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Teach English in HAke Zhen - Hulunbei'er Shi — Hulunbuir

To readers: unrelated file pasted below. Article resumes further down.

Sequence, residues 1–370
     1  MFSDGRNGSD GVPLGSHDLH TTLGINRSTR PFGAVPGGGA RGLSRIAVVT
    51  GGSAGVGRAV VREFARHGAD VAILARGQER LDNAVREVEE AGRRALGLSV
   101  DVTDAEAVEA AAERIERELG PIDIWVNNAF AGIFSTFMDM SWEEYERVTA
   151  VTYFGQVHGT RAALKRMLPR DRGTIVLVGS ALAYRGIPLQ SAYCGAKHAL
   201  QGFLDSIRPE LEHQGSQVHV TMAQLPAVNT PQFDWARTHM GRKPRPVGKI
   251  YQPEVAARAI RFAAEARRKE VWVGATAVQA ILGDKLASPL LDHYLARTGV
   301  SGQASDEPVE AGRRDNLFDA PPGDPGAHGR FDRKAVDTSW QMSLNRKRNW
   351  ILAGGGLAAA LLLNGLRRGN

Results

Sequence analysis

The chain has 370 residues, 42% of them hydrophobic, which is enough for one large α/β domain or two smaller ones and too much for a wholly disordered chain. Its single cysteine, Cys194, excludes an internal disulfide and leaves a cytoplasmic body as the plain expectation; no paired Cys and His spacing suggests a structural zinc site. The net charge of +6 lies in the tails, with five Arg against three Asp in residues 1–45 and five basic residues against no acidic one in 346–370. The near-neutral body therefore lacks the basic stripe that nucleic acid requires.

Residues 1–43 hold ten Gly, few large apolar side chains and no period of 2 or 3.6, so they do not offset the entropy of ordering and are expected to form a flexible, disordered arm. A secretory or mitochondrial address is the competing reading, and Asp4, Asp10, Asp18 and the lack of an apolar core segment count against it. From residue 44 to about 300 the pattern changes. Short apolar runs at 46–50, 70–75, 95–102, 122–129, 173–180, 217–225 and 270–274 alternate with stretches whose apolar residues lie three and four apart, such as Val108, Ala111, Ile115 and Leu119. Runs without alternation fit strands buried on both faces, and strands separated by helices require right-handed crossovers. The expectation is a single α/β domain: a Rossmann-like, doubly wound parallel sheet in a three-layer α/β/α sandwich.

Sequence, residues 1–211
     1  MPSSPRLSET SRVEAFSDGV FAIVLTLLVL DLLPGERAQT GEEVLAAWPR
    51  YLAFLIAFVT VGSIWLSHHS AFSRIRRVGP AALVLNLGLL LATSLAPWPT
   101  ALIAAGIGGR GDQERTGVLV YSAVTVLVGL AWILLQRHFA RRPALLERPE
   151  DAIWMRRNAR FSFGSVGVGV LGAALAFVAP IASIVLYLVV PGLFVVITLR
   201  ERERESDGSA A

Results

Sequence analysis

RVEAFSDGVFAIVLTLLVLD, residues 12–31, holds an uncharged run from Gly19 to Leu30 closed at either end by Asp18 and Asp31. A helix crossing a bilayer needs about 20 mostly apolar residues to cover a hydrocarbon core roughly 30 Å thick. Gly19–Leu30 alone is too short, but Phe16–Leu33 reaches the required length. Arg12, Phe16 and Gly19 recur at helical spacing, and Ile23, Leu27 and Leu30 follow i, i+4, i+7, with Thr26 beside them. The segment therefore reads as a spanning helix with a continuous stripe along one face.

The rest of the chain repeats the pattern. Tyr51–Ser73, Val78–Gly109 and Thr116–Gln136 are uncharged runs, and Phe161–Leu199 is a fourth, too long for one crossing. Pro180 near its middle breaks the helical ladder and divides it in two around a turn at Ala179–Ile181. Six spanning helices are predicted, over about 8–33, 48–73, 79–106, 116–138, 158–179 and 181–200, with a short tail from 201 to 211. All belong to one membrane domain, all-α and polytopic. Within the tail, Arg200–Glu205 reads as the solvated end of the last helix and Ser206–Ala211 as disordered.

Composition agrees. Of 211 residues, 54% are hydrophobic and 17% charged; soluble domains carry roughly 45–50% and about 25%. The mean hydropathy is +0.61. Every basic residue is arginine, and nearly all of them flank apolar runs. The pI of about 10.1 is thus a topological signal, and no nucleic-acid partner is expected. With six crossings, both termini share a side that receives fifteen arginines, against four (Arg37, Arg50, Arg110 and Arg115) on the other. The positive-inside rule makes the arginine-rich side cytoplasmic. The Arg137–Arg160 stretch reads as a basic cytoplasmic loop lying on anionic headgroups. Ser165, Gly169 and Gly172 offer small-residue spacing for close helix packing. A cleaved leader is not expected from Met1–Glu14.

Pronunciation according to https://dictionary.cambridge.org/dictionary is the way in which words are spoken. It refers to how quickly, slowly or correctly each sound in a word is produced. English overall is a complex mixture of different sounds, stress, intonation, and rhythm, so it isn’t a surprise that many foreigners have difficulty with pronunciation, specifically Japanese learners of English. As an Assistant Language Teacher in Japan, there are many factors, that I have observed, which contributes to this pronunciation difficulty. These are the diverse writing system and their relation to the influence of the Japanese phonology on English pronunciation, the teaching dynamics, and English language exposure. The writing system in Japan is completely different from that of the English-speaking world. Whereas the English world uses the alphabetic writing system which comprises of vowels and consonants, in Japan three writing systems (hiragana, katakana, and kanji) are used. These writing systems are symbols which when converted to the alphabet system reflect a combination of consonants and vowels (ra, ka, ya, gyo, shu, kya). This is a problem when learning English because there is a huge difference in the way that Japanese words are pronounced which spills over into the target language English. When analyzing the core issues of the writing system and its influence of the Japanese phonology on learning English pronunciation there are two underlying points that surface. First, there is the fact that some letters or sounds that are in the English alphabetic system do not exist in the Japanese writing system. Therefore, Japanese learners of English find it hard to accurately reproduce these sounds as they have no pre-existing exposure or vocal practice of using these. Two examples are the letters ‘L’ and ‘V’, L in the Japanese society is typically produced as an ‘R’ while ‘V’ is pronounced as ‘B’. Japanese people pronounce ‘V’ as ‘B’ because ‘V’ simply does not exist in English. Natsuko Tsujimura describes the sounds of ‘l’ and ‘r’ to be liquid sounds in English. Consequently, ‘l’ is produced with the tip of the tongue touching the alveolar ridge and ‘r’ is produced with the tongues curled back. However, in Japan ‘l’ is vocally produced as ‘r’ and ‘r’ as the letter'd'. Hence Japanese speakers of English pronounce my name Olivia as Oribia and the words ‘glue’ and ‘lion’ as ‘grew’ and ‘rion’ (An introduction to Japanese linguistics, 2013). Secondly, the vowel and consonant combination in Japanese makes it harder for Japanese learners of English to pronounce English sounds. As pointed out earlier the Japanese writing system converted to the alphabet system typically equates in a vowel being paired with a consonant (ro, ra, ka, ki, ke, kyo, kya, ki). Essentially, there is no single alphabet for Japanese characters because the characters are a combination. So, although the English alphabets can be paired in any which way to produce a variety of sounds Japanese people are already phonologically practiced in the use of a consonant and vowel combo. Based on this it’s not a surprise that the pronunciation of fricatives (th) is an issue when speaking English, as the consonant combination does not exist in Japanese. There is also the addition of ‘o’ at the end of consonants that Japanese learners of English tend to use. So, the word ‘friend’ becomes ‘friendo’ to mimic the Japanese language of being syllabic and having a consonant/vowel combo. In addition, there are many similar words in the English language with minimal differences in pronunciation and spelling. However, the nuances are the softer or unvocalized (silent) sounds, for example, the English word ‘computer’ is ‘konpyuta’ in Japanese. It is mispronounced as ‘kompyuta’ when a Japanese speaker of English speaks, as the combination of the consonants ‘er’ is unfamiliar. The vowels used in Japanese are the same as that of English however, the sounds produced are typically harder sounds so the ‘e’ in the word telephone becomes ‘telephon’ as the soft sound of the 'e' is not familiar to the Japanese pronunciation. These issues outlined typically lead to word linking and word changing in English, simply because Japanese learners are unable to pronounce these words. In fact, this is something that is encouraged in the classroom. The teaching dynamic is a complex one in Japan where learners of English simply memorize English words and follow a coursebook rigorously in order to pass the exam. Pronunciation practice is minimal and is typically the repetition of new words two or three times. There is an absence of language drills or focus on individual sounds instead the closest thing to English is what is accepted. Furthermore, most Japanese teachers of English tend to be reluctant to speak or teach English classes in English, so students don’t hear English being spoken much so there is no reinforcement of English pronunciation. Intonation is also not a focus in English classes so the English produced mimics that of Japanese speech and sounds monotonous with no real indication of whether the sentence was a question, exclamation or statement. In the repetition of vocabulary teachers themselves make the same common errors in pronunciation and so students tend to do the same, causing the pronunciation challenges to persist. Pronunciation is the most neglected aspect of English in Japan and the biggest cause of acquisition issues among Japanese speakers. English pronunciation is influenced by the patterns of Japanese phonology that has already been ingrained in the learner. This transference of Japanese pronunciation to English pronunciation interferes with its accuracy and clarity. Based on my experience in Japan, the use of drilling, focus on accuracy, stress on the fall and rise of speech, use of mouth diagrams showing how words are spoken in English and encouraging pronunciation practice, the pronunciation problems will decrease drastically.